haha, this is too funny and so true.I have just started out doing SEO freelancing so they are good tips. Thank you!

  3. Koen says:

    Great list, the last one made me laugh the most 🙂 But what about the ‘I want to be #1 on these keywords next week – client?

  4. Harold Compton says:

    The client that wants negotiate pricing when you tell them what it will cost. They are always coming back with “Well, Joe’s SEO will do it for less”. Just tell them to call Joe and hang up.

  5. Steve Kaplan says:

    LOL good stuff Heather! I’ve never heard people classify prospective clients this way. It’s a good guide for people just starting out or even bigger companies with alot of clients because these types of clients will always be present in the market place.

    • Heather Lloyd-Martin says:

      You’re right…they will *always* be present. In fact, I spoke to a Taylor Swift client the other day. 🙂

      Thanks for your comment!

  6. Dave Sharpe says:

    Not sure how to label this one, but avoid the client who doesn’t control the financial decisions. I recently put together a proposal for a non-profit with a national audience. The proposal was forwarded to a donor who was interested in funding SEO for the org. The donor objected to the expense, and recommended his friend who only does *local* SEO, and uses foreign outsourcers to do the work. I expect to hear the org channeling Taylor Swift in about 6 months.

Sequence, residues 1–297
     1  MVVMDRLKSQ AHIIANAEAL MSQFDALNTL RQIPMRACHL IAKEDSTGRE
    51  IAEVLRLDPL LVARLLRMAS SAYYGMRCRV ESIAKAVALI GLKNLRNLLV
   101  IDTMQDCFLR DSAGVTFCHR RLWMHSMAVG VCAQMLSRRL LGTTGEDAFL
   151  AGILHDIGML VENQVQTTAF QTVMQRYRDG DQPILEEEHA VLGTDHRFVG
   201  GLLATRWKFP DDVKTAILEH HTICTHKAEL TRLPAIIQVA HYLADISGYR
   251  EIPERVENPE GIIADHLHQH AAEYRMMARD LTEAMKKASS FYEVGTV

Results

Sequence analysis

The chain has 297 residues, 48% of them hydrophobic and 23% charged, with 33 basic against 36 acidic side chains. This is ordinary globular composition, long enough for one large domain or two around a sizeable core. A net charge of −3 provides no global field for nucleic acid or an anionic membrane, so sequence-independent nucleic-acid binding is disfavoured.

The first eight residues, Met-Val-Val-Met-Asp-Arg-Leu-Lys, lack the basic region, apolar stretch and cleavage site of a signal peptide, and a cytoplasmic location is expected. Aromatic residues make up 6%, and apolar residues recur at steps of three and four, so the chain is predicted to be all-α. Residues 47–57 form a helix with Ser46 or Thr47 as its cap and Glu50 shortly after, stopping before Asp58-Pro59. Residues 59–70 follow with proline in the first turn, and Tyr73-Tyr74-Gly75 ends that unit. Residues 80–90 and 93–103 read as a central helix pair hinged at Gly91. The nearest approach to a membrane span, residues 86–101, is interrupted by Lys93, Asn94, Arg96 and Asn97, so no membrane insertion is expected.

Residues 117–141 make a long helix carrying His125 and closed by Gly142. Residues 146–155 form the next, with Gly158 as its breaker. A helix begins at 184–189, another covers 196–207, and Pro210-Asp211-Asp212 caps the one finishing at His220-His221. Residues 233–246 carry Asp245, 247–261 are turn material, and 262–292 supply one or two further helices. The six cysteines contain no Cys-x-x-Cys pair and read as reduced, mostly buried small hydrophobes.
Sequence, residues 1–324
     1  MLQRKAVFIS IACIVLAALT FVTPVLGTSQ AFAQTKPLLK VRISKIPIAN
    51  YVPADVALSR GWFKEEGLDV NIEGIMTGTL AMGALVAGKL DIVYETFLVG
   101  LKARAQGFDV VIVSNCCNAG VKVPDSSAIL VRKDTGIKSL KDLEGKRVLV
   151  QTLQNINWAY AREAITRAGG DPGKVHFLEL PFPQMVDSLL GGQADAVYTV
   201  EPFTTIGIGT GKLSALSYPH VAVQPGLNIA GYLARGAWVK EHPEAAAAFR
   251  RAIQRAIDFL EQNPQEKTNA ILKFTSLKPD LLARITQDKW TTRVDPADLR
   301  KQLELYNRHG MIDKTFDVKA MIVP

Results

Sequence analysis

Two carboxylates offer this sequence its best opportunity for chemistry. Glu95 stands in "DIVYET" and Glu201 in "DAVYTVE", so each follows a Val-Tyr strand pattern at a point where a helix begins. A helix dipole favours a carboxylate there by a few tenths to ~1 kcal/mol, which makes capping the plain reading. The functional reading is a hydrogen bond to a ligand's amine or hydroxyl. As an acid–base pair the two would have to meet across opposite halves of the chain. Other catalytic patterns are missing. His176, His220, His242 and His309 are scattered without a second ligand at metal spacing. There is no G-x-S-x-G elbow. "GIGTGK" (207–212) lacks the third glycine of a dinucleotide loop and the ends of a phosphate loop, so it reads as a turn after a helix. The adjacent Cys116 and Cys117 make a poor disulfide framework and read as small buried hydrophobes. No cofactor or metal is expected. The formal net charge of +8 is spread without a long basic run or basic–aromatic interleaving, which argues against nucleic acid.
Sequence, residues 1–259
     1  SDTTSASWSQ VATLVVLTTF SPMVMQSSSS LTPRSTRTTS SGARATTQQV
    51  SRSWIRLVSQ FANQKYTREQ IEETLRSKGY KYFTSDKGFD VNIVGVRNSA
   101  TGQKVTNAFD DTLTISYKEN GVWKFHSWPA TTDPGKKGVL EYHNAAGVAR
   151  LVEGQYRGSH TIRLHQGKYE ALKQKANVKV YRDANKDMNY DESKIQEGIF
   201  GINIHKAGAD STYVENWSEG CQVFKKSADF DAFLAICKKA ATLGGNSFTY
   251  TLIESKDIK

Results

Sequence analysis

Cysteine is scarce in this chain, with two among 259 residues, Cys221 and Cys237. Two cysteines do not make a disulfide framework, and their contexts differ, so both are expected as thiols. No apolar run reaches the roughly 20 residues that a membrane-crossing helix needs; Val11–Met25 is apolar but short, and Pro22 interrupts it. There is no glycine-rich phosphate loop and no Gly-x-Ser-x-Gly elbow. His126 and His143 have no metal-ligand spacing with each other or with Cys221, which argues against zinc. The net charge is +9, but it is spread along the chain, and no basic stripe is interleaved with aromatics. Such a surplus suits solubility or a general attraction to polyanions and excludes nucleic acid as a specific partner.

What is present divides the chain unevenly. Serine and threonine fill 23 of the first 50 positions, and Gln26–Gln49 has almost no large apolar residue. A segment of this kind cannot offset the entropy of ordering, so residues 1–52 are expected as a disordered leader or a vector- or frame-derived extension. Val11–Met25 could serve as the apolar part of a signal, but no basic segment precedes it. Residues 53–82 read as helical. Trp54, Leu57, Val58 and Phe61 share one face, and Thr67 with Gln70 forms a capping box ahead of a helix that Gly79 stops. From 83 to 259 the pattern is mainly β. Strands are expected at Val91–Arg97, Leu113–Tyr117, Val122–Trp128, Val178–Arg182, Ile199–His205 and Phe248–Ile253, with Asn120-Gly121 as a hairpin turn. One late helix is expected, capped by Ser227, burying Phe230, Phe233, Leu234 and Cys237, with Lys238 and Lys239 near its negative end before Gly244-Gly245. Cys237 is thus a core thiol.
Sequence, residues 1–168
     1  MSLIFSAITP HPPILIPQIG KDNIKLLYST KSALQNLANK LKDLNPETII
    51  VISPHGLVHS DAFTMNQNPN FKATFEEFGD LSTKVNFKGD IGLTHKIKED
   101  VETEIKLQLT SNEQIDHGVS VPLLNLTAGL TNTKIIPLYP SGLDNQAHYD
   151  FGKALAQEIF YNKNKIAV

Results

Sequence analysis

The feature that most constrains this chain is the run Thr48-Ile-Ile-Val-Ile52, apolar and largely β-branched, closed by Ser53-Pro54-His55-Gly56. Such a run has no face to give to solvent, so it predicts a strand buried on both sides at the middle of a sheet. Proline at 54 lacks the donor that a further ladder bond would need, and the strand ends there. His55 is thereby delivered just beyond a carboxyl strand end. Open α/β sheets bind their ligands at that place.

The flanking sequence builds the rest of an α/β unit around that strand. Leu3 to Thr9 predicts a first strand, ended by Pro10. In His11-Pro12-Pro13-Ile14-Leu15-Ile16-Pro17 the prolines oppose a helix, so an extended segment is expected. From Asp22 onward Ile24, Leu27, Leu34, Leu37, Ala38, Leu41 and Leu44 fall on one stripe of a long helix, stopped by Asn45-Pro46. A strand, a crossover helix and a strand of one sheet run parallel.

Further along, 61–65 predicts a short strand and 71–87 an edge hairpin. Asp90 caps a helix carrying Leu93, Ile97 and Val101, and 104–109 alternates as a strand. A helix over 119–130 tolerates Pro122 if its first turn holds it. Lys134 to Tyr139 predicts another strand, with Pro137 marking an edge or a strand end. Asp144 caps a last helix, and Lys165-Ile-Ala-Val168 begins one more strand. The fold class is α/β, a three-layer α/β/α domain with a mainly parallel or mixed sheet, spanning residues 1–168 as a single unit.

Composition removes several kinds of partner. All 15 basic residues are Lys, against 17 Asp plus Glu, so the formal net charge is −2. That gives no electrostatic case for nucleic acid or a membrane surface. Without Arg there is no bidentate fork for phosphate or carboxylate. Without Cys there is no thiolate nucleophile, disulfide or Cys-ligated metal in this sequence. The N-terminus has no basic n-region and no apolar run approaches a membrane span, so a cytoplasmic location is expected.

• Heather Lloyd-Martin says:

      Dave, I feel your pain. In a perfect world, we’re able to present our proposal to the decision-maker. Otherwise, it’s too easy to skim down to the bottom, read the price and deem it as “too expensive,” (whatever that means!).

      Hmm, but this client needs a name. What about the “Hot Potato” client? The person who takes the proposal and immediately gives it to someone else to review? Not perfect, I know…I’m open to suggestions! 🙂

      Thanks for your comment!

      • Bonnie Parrish-Kell says:

        That’s another painful lesson I’ve had, too. To top it off, they used a good portion of the strategy/tactics that I outlined tho they used another service provider. So I sent a bill for consulting services (detailing *everything* they did as per specific sections in my proposal). To my shock they paid it! I don’t do proposals anymore because of instances like this.

        • Heather Lloyd-Martin says:


          I am AMAZED the prospect paid your consulting bill! I guess some good came out of the situation — but, ugh, what a learning experience. I don’t write strategy proposals anymore, either..

  7. Bonnie Parrish-Kell says:

    My response to the “I know someone cheaper” prospect is along the lines of “I certainly respect your budgetary concerns. Because our viewpoints are different (price vs. value), I am not the right person for your project. Thank you for calling and I wish you all the best.” Often they call back a few months wanting me to “fix” the problems. ::sigh::